Tom Watson is a couple of months away from being 60 years old (his 61st birthday, but let's not quibble about semantics) and today he had a chance to, as the media folk say, make history. He was the third round leader of The [British] Open at Turnberry. If he won, he'd get that Claret Jug and the undying gratitude of AARP members who own a set of golf clubs. They'd be out at the local club on Monday thinking that they had a chance. Pity.
He lost, of course. He had to. Stuff like that doesn't happen in reality. It happens on television, and the network built the thing up to the point of nausea - thanks Mike Tirico - to where anybody who beat him would be viewed as Lex Luthor. Well, Stewart Cink is Lex Luthor. Check Tirico's seat for a yellow stain.
Television created a monster - as it often does. Since Tiger missed the cut, they fell into a pile of gold with this Tom Watson deal, and they played it for all it was worth. Right up until the end, when ESPNs Rick Reilly, the guy who is supposed to have "perspective" said that it's nice that Cink won, but Watson still gets to go home with the hot wife. What the F is that supposed to mean? Proving that just because network television hires a guy, it doesn't necessarily mean he has perspective. They must have used the word perspective ten times, then went to Reilly, who was supposed to tell us all what we saw and how we were supposed to evaluate it. They try to wrap up the coverage with somebody who is supposed to be able to place the event into a context and convey it to the viewers. Then, we're supposed to say, "Right. I never saw it that way." But Reilly tells us what we already figured out, and for whatever they're paying him, I'd say he's overpaid. Then, Tirico thanks him and says the word perspective a couple of times and kisses his ass - because that's what they pay him to do.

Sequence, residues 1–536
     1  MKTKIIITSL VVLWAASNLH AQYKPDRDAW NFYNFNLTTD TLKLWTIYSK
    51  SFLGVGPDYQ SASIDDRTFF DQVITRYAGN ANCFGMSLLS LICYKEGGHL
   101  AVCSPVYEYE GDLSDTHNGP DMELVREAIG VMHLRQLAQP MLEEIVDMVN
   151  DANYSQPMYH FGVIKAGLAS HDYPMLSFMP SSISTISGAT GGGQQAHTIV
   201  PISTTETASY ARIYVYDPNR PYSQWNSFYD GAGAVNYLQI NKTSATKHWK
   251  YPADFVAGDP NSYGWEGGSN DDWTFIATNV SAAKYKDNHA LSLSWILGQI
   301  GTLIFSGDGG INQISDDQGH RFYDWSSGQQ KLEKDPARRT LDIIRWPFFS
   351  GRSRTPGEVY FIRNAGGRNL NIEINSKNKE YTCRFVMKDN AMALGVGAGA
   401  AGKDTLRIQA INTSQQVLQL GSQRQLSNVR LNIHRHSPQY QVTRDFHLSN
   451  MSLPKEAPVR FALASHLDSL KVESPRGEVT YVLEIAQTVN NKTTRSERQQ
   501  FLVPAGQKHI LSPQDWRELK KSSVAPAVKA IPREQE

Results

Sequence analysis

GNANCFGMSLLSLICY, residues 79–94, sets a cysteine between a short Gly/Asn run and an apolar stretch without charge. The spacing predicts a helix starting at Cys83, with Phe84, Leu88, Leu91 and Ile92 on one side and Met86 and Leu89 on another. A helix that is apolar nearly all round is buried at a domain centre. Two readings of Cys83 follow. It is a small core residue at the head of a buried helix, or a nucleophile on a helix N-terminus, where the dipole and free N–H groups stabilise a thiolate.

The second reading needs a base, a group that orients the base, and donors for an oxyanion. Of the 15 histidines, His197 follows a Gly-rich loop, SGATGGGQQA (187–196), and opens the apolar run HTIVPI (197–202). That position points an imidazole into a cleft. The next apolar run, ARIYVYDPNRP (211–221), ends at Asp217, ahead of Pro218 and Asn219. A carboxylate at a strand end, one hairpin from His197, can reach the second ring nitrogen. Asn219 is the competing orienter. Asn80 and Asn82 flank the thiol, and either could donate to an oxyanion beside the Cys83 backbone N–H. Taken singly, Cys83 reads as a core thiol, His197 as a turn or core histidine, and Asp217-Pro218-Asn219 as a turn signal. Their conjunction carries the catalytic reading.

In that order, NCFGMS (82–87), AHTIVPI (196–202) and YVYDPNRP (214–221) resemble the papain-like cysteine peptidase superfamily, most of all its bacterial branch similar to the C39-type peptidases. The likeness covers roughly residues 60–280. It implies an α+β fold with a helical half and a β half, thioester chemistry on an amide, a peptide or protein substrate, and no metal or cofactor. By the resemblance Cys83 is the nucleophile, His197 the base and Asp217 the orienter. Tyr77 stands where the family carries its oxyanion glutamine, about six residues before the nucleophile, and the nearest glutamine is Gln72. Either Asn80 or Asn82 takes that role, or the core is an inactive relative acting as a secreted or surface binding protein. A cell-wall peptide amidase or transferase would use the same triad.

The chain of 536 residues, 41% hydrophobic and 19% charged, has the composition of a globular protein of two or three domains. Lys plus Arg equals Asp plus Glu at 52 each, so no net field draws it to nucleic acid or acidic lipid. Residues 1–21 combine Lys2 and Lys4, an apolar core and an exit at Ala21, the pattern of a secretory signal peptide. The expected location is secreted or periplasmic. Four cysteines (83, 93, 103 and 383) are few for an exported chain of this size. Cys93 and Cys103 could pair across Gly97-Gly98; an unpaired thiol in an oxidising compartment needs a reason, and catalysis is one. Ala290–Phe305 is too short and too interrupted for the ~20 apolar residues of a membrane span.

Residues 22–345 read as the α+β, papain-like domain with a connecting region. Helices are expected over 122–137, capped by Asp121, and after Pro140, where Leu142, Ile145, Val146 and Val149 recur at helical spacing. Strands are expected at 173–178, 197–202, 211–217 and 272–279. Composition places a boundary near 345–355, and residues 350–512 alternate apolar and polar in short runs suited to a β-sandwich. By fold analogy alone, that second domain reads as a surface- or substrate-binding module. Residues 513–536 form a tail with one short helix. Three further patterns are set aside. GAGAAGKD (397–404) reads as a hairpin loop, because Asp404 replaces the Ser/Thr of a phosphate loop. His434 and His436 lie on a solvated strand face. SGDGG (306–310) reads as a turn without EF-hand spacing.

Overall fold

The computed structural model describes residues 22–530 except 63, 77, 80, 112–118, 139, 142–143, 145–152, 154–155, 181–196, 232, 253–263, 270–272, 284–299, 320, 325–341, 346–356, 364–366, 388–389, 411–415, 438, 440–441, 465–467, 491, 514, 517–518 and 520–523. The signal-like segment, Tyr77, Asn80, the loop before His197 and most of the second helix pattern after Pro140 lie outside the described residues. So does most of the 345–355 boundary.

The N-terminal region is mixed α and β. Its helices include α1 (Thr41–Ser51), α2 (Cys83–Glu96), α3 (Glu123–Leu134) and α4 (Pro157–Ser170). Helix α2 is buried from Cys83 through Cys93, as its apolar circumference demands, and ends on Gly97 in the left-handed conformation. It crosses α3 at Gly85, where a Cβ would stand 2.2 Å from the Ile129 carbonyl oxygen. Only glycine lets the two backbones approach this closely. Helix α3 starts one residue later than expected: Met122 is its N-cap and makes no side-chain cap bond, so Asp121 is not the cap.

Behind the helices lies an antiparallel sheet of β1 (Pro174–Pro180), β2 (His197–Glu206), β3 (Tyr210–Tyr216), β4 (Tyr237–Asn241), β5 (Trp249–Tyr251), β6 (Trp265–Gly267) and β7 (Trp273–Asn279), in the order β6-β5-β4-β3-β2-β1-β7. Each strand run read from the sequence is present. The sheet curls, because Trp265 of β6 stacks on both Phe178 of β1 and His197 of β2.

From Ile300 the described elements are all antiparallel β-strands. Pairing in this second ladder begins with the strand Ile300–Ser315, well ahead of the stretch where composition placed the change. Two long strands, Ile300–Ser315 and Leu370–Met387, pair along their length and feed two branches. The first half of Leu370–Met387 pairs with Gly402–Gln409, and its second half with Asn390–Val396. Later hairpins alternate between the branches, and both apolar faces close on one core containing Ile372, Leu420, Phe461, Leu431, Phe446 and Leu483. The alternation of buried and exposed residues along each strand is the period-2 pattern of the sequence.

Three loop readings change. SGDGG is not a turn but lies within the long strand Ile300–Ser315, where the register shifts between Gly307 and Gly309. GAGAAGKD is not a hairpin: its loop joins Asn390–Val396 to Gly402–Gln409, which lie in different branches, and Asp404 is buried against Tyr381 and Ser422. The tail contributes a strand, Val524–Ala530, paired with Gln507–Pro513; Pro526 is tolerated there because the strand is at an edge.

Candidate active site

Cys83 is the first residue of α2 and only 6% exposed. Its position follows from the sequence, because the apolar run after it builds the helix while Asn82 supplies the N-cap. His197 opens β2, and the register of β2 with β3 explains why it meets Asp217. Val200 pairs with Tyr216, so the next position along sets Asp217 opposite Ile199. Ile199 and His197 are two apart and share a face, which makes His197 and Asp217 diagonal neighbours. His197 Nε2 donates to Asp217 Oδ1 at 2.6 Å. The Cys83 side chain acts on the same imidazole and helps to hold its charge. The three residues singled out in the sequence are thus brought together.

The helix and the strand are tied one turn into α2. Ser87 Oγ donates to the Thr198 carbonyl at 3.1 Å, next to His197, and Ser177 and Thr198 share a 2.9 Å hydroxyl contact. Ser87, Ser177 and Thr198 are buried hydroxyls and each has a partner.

“It was almost,” Watson said. “The dream almost came true.” Yes, it would have been nice, but what it ultimately said was that the old guy eventually gets overtaken and beaten by the younger guy, just like in almost every situation in every walk of life. Face it.
"Almost", for old people, is a win.